Preheat oven to 400*
Remove the dough from the refrigerator and roll out to the shape of your tart pan. In order to keep the dough gluten-free, use quinoa flour to dust the dough while rolling it out. Transfer the dough to your tart pan and use a fork to prick the crust all over. Bake the crust for 15 – 20 minutes until golden brown. Remove from the oven and allow to cool on a wire rack.

Thinly slice the kumquats and remove any seeds. Bring the water and 2 cups of sugar to a boil and simmer for 5 minutes. Add the kumquats and simmer for 10 minutes. Drain the kumquats through a strainer set over a bowl to catch the syrup. Reserve the syrup for another purpose (I’m mixing mine with mineral water for drinks).

Combine the remaining sugar and fennel pollen with the ricotta and the sour cream. Spread the ricotta mixture evenly over the cooled tart shell. Place the kumquat slices in rows over the filling until the tart is fully covered. The crust is very delicate so slice carefully when serving.

Thursday, March 4, 2010

Shaved Beet Salad


Occasionally I look at a menu and find a dish that sets off a craving. It happened to me this past weekend when I spotted a roasted beet tower on the appetizer menu of a restaurant where I was enjoying a sunny Sunday afternoon on the patio. I envisioned layers upon layers of red, golden and bulls blood (pink) beets. What showed up was three very thin beet slices, each separated by a solid inch of an avocado and tomato mixture. Don’t get me wrong, I love avocados, but when I was expecting roasted beets, a plate of guacamole was pretty disappointing.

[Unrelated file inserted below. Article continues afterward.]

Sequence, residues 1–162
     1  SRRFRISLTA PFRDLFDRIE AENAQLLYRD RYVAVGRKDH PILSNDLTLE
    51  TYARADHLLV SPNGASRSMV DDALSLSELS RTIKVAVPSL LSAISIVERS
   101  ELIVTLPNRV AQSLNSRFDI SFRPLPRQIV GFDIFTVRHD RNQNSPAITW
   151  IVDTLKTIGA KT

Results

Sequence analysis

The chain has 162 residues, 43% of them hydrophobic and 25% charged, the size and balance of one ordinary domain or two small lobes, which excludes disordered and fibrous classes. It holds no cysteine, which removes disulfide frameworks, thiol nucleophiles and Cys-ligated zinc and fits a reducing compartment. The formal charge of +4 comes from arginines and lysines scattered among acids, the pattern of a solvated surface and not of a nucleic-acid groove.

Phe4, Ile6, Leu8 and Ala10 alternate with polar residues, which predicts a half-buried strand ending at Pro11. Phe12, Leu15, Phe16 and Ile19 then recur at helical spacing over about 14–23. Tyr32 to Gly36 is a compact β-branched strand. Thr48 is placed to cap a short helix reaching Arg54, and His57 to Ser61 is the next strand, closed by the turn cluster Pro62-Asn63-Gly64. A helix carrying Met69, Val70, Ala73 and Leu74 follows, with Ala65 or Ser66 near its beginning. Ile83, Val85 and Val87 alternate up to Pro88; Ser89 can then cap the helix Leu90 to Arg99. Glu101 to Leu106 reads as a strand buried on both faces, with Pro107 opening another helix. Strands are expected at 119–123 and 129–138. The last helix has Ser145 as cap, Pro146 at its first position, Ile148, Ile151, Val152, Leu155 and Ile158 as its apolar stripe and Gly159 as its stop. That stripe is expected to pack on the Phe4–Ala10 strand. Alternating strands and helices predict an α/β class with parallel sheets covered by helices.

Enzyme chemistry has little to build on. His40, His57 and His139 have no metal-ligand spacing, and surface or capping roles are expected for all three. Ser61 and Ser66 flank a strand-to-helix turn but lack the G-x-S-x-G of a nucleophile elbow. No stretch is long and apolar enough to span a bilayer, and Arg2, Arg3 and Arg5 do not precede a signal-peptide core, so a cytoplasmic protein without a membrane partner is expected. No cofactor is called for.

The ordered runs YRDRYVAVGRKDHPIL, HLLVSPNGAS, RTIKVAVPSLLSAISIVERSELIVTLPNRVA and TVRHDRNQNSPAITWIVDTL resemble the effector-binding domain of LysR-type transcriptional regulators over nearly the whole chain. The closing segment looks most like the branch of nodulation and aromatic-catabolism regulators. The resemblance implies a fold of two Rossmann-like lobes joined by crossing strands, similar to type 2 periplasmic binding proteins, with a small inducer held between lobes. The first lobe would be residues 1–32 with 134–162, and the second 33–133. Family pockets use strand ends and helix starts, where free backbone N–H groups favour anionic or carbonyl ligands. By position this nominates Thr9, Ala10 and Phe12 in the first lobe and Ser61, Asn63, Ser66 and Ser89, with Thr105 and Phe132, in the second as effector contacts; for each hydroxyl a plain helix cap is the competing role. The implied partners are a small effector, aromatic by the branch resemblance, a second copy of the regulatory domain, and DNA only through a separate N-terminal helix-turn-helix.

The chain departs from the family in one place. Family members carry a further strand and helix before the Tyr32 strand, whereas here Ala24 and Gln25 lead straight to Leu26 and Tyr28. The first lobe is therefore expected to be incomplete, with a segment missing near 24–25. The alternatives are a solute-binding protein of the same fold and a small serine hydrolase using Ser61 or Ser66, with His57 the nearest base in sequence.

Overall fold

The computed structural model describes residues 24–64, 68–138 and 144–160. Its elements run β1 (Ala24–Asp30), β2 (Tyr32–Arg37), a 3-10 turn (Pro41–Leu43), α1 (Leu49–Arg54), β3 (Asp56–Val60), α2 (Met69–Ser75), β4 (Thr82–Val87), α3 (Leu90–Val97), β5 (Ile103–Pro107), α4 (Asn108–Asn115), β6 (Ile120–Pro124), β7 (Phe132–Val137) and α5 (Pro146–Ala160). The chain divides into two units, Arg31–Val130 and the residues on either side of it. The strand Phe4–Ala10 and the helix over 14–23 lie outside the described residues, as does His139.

Lucky for me, the folks over at Clarkson Potter recently sent me a copy of the new Everyday Food cookbook – “Fresh Flavor Fast.” I subscribe to the Everyday Food magazine and buy their books because they have simple, get-down-to-business recipes. I may love spending hours on a dish on a quiet Saturday afternoon, but Monday through Friday, I need realistic recipes that take into account the maybe 30 minutes I have to prepare a meal.

Fresh Flavor Fast is everything I love about Everyday Food. It’s packed with new ideas to get you out of the cooking ruts that are so easy to get into when speed and simplicity are top priorities. I wasn’t expecting a side dish or salad to be the first recipe I made from the book, but upon arriving home from my disappointing roasted beet tower experience, I opened up the book and found this recipe for shaved beet salad.

The salad took no more than 10 minutes to put together and totally satiated my beet craving. Raw beets are not for everyone so make sure you slice them thinly. I used a mix of red and golden beets, but feel free to use all red or any combination you prefer. If you are using a mix, make sure you toss them with the dressing separately or the red beets will turn everything else red too.